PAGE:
Stress in the workplace

19 May, 2010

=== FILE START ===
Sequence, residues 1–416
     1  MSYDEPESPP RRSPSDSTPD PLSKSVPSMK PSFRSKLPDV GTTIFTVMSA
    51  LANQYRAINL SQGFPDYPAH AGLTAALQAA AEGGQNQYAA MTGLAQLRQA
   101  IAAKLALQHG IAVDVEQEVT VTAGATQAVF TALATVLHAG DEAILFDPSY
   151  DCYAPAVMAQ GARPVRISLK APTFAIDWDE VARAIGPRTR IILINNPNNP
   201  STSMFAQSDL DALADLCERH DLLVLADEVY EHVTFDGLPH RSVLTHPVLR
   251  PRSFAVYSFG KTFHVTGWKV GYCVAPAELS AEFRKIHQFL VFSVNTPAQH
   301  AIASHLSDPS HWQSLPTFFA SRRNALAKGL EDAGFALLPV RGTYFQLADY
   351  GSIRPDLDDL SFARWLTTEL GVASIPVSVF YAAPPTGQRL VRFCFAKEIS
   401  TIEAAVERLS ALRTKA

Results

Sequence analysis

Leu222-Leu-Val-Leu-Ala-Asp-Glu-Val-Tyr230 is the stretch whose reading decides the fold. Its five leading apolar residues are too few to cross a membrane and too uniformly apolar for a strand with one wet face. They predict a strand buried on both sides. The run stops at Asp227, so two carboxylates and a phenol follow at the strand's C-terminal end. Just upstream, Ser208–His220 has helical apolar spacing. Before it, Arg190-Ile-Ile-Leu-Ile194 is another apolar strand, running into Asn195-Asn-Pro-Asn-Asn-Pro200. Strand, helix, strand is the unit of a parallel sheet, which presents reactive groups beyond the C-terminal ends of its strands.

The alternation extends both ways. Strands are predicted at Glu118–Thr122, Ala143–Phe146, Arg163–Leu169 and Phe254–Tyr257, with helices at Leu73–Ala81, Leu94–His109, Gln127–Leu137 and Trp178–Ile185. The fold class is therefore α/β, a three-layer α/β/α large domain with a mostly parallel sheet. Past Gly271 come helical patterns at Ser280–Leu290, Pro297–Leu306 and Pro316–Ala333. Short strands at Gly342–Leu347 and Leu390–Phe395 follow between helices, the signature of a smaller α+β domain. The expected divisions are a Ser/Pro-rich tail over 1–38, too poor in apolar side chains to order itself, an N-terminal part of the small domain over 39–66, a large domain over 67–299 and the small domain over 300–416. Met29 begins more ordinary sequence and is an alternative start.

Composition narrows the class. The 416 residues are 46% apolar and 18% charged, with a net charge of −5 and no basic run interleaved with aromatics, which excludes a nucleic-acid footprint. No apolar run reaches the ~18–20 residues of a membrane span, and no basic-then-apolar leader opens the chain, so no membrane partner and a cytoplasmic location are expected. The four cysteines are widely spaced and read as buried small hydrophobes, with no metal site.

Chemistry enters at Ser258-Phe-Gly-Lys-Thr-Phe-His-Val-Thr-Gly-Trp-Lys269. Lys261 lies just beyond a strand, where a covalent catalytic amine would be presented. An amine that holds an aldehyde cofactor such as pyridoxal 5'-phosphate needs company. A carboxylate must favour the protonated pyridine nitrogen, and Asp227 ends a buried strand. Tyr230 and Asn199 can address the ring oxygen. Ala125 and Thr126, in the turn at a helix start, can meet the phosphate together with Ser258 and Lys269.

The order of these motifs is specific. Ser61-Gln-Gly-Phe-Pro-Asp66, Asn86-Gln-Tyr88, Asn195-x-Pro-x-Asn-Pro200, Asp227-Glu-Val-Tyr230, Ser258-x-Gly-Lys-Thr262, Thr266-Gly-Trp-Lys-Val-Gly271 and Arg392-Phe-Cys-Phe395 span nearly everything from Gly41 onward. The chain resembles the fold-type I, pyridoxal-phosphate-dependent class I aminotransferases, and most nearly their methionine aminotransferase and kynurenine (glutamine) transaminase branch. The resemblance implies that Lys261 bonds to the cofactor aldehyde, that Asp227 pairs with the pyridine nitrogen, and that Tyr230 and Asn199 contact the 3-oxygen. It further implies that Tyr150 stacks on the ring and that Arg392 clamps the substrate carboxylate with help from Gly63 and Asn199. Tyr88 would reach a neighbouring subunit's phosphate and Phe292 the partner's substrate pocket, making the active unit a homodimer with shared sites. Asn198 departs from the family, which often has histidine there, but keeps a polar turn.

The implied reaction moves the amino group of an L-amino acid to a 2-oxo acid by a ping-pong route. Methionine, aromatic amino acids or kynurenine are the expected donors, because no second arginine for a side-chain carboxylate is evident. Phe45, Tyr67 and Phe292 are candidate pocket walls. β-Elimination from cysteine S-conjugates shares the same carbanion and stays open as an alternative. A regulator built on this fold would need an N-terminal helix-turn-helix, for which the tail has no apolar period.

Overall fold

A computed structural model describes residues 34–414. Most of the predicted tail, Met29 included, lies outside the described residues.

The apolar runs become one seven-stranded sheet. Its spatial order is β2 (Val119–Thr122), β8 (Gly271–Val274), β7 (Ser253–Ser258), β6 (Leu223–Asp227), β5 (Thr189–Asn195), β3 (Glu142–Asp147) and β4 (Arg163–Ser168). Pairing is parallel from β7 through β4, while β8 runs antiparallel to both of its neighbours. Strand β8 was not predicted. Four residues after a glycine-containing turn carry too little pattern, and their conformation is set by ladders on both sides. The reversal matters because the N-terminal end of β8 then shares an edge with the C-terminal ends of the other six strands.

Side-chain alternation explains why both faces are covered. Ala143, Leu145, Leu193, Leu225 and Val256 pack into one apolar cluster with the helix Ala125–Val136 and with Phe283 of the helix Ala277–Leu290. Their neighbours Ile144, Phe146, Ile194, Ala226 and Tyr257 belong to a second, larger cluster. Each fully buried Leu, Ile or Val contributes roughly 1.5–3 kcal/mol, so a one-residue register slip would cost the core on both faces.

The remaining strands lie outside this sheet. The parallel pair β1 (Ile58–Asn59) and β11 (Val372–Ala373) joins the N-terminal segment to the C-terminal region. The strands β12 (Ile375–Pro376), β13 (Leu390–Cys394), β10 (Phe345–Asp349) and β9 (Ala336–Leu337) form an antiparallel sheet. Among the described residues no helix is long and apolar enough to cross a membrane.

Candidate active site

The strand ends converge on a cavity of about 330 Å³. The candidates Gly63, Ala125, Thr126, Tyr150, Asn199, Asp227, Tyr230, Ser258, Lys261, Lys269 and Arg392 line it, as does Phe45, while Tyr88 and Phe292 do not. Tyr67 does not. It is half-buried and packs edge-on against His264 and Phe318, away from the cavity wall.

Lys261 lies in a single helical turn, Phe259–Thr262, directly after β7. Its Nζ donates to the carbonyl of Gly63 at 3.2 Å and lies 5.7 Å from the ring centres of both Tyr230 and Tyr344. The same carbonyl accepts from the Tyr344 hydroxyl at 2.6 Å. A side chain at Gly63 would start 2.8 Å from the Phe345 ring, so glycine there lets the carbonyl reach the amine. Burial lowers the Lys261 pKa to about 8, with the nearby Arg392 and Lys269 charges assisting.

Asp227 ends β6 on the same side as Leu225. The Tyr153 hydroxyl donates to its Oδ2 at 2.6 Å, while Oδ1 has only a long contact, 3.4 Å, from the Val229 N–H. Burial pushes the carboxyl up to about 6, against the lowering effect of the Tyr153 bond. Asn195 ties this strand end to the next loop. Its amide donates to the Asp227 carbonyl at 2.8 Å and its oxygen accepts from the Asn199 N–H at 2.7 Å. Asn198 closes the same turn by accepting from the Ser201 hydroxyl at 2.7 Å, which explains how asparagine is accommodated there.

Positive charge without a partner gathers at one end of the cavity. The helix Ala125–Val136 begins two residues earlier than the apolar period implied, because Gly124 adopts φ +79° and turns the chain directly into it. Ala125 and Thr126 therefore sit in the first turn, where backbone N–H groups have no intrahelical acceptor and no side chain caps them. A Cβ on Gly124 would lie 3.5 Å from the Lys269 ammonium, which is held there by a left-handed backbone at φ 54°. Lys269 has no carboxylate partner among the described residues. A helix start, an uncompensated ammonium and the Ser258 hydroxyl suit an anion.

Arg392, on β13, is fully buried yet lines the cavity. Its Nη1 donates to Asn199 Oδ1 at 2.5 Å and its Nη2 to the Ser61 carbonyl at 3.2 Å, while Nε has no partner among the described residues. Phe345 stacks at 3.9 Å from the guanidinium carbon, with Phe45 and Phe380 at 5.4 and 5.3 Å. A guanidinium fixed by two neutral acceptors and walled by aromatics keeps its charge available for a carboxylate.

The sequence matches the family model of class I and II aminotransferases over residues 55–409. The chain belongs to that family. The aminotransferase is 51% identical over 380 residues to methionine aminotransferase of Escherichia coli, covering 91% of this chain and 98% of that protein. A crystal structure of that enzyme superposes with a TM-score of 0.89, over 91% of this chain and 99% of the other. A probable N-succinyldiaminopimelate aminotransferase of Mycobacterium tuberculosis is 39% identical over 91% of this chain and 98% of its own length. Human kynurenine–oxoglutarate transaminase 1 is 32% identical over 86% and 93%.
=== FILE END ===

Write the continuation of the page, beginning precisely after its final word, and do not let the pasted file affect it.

With almost 20 per cent of employees surveyed admitting to calling in sick because of unmanageable stress levels, this is a problem that should be at the top of every manas agenda. Lisa Wynn, director and executive coach at Corporate Potential believes that this problem has always been an issue for businesses, but as this research shows it is increasing at an alarming rate. Lisa explains, For too long many employers have allowed excessive workloads, bullying and job security worries to play on the minds of their staff members, but this research shows it has to stop. Not only does this stress effect individual employees it also effects the business overall, with low motivation leading to low productivity and high stress levels leading to a high absentee rate. It is in every business interest to look after its employees, as essentially an organisation is only as good as the people within it. It is about time businesses took a hard look at their workforce to check if they are really happy. Employees also need to take a look at their own work-life balance. Do they allow themselves to take on too much work at a time? Do they work long hours because of this? Do they continuously miss lunch breaks? If employees took a moment to step back and take a look at how they can change the way they work and discuss this with their boss changes start to happen. Lisa offers some advice to stressed-out employees on what they can be doing to start making changes at work today: Project manage your tasks effectively – Create a project management system that really works for you. Perhaps each evening before you leave the office you can write yourself a list of everything that needs doing the next day and ensure you stick to it. This act of writing a smaller daily list allows you to prioritise well and effectively and also helps you see whether or not you have time to take on that extra piece of work being pushed in your direction. Take breaks In line with the research Mind is asking all employees to reclaim their lunch hour which I think is a great idea. Take regular breaks throughout the day whether it is to make a cup of tea, take a stroll up the road or simply step away from the computer to chat to a colleague, this will all help ease the pressure you’re putting on yourself and help your stress levels. Clear your subconscious mind – The human brain wants to conclude everything that it has started – so unfinished tasks weigh heavily on the subconscious mind. At the end of the working day it is vital to check back through your urgent list and make sure that you know that everything vital for today has been done. Then, make sure that everything else is written down on your planner so that the subconscious mind knows that it will be dealt with and that it is safe to switch off for this evening, confident that tomorrow is another day. Make the most of the journey home – Even if it is only a very short one. Slow down and smell the roses is a cliché but it works. Taking time on the way home to breathe out all the stresses and strains of the day is vital to arriving home happy and relaxed. Try this exercise as you travel home – firstly think about leaving the entire office buzz behind you when you close the office door. Breathe in and out a few times deeply and allow your shoulders to drop. Now think about this current moment – smile. Look around you and look for something to appreciate – even if it feels hard to do. Then the third and final step is to imagine walking in the front door at home. See yourself smiling at the family or your partner. See the relaxed expression on your face. Now hold onto that feeling all the way home. You are not as indispensable as you think – Yes there may always be mountains to do – so why worry about it right now. Your rest and relaxation tonight will leave you refreshed and far more productive tomorrow. Think about your evening off as an investment in tomorrow’s productivity. credit: www.onrec.com

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